Handheld IED Detection Device with Firestorm Emergency Services

ALERT research out of Missouri University of Science and Technology, led by Prof. Daryl Beetner, is currently working to develop methods to indirectly detect and locate explosives by identifying the electromagnetic emissions from these electronic initiators. This approach has the advantage that a device can potentially be detected from tens or even hundreds of meters away in a very short period of time using relatively small, inexpensive, low-power sensors.

Hidden explosives can be extraordinarily difficult to locate. While the most obvious approach is to look for the explosive compound, techniques which look for these compounds often only work from short distances, can only be used over a very limited area, or are very slow to generate a detection. An alternative is to instead look for the electronic trigger that is used to initiate the explosive.  Electronics used in triggers like timers, wireless receivers, motion detectors, and microcontrollers, emit electromagnetic energy (i.e. radio waves) when they are turned on. These radio waves can potentially be detected from long distances in a short period of time using relatively small, inexpensive, low-power sensors.

In the last year, Beetner and his team have developed techniques to locate (not just detect) radio receivers using a stimulated emissions approach. Detection of electronics has an advantage over many other explosives detection techniques in that it can potentially be done relatively quickly from relatively long range and can be done with relatively inexpensive equipment. It gives the bomb technician one more point of information with which to make a decision about the presence of explosives and how to deal with the explosives once found. As Beetner explains, “We’ve developed methods to accurately detect and locate the most common types of radio receivers. We’ve shown that these techniques are fast and work well at long distances, even in very noisy urban environments”. While detection of suspect electronics does not necessarily indicate the presence of an explosive device, this information can be combined with other information relatively easily to confirm or add information about a threat. The information is unique from other explosive sensors so it is well primed for sensor fusion.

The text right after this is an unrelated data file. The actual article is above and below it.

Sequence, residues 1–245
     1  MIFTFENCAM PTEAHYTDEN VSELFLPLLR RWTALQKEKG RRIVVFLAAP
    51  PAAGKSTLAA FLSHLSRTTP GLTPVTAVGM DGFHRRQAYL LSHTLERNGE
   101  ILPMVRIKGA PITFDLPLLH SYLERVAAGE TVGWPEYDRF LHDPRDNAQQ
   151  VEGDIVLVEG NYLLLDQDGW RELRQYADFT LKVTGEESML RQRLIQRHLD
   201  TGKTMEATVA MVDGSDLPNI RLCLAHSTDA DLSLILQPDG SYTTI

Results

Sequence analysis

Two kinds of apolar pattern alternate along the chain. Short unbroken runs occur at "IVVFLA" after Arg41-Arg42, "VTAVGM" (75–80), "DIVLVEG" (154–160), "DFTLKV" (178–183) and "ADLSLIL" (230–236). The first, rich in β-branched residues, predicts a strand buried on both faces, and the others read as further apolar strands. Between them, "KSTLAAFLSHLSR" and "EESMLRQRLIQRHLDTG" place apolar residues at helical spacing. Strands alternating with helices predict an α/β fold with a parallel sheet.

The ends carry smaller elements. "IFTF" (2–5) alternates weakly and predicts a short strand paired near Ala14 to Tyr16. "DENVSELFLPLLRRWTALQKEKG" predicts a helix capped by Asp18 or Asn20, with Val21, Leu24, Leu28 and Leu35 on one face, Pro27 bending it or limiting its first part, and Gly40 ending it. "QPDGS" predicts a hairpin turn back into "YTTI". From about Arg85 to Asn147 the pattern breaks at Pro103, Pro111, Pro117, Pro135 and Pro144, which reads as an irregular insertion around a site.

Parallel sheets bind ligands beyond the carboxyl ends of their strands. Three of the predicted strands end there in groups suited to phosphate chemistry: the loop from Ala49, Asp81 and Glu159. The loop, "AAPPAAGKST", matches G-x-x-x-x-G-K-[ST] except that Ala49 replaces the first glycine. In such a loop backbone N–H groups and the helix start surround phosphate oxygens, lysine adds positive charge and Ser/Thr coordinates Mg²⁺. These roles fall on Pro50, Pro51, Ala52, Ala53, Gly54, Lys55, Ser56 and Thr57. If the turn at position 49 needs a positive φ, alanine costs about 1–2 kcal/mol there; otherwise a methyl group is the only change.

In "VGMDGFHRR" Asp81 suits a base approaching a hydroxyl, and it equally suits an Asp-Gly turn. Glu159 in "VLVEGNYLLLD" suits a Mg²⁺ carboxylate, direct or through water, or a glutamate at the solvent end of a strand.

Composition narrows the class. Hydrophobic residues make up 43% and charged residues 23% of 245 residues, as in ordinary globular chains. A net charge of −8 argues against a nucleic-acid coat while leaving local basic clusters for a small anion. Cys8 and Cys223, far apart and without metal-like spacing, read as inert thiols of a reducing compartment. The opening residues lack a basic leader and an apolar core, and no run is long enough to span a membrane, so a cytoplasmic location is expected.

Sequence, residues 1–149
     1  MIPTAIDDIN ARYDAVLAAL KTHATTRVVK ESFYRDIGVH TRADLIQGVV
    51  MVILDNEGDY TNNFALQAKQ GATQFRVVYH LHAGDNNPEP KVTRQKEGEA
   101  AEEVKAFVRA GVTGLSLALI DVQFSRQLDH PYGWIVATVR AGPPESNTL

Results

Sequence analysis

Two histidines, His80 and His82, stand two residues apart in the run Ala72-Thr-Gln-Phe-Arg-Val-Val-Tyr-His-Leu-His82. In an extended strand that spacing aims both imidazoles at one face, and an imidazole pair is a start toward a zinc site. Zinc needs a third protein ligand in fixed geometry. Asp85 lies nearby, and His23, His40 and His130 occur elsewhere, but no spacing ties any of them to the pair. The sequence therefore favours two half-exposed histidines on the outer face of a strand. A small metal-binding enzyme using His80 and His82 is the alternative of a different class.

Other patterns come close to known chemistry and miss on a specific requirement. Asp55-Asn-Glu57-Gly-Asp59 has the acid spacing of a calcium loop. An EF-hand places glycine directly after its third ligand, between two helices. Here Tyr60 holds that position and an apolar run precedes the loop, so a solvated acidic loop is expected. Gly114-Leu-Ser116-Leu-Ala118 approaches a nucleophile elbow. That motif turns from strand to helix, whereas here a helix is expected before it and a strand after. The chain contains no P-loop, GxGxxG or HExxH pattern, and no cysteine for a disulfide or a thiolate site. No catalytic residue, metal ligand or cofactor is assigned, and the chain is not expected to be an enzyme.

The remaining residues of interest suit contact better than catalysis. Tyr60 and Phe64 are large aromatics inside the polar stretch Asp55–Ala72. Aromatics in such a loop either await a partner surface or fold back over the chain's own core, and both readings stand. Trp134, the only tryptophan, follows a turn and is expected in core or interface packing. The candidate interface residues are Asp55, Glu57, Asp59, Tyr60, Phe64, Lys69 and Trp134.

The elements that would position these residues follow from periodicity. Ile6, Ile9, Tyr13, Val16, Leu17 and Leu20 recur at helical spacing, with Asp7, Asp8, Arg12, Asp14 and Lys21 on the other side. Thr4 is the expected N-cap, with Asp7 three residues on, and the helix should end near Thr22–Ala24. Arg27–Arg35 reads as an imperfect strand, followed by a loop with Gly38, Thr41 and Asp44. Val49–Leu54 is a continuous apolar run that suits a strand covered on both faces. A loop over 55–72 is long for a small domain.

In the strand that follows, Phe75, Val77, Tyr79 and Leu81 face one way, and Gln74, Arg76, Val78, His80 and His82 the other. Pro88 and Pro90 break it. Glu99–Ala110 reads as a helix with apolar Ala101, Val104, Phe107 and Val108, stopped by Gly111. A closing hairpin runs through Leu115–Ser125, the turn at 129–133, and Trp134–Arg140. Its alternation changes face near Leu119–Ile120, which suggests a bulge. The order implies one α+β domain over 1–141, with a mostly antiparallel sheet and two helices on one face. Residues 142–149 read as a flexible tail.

ALERT has teamed up with Firestorm Emergency Services to develop a commercial product around algorithms developed by Beetner and his group. Firestorm manufactures a small, inexpensive, hand-held device for detecting and locating the electromagnetic signatures from aircraft emergency beacons and from radio location beacons worn by Alzheimer’s patients, so they already have hardware under development that is ideal for the team’s approach. The fundamental detection methods developed here are also being extended with Firestorm to develop systems for locating vehicles at remote border crossings.

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